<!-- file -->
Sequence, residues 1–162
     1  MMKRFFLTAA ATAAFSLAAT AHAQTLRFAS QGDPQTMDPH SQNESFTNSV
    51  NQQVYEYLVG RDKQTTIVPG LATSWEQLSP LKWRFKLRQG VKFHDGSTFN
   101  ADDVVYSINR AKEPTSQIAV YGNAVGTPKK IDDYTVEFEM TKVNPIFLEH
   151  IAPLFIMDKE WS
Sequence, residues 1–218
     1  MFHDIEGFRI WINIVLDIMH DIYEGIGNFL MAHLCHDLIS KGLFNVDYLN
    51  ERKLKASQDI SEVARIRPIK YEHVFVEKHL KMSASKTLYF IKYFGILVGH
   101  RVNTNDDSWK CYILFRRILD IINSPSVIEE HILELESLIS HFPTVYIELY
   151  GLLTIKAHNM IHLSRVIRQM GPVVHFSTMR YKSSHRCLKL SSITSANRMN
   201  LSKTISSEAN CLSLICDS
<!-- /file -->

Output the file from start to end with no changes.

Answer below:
Sequence, residues 1–162
     1  MMKRFFLTAA ATAAFSLAAT AHAQTLRFAS QGDPQTMDPH SQNESFTNSV
    51  NQQVYEYLVG RDKQTTIVPG LATSWEQLSP LKWRFKLRQG VKFHDGSTFN
   101  ADDVVYSINR AKEPTSQIAV YGNAVGTPKK IDDYTVEFEM TKVNPIFLEH
   151  IAPLFIMDKE WS
Sequence, residues 1–218
     1  MFHDIEGFRI WINIVLDIMH DIYEGIGNFL MAHLCHDLIS KGLFNVDYLN
    51  ERKLKASQDI SEVARIRPIK YEHVFVEKHL KMSASKTLYF IKYFGILVGH
   101  RVNTNDDSWK CYILFRRILD IINSPSVIEE HILELESLIS HFPTVYIELY
   151  GLLTIKAHNM IHLSRVIRQM GPVVHFSTMR YKSSHRCLKL SSITSANRMN
   201  LSKTISSEAN CLSLICDS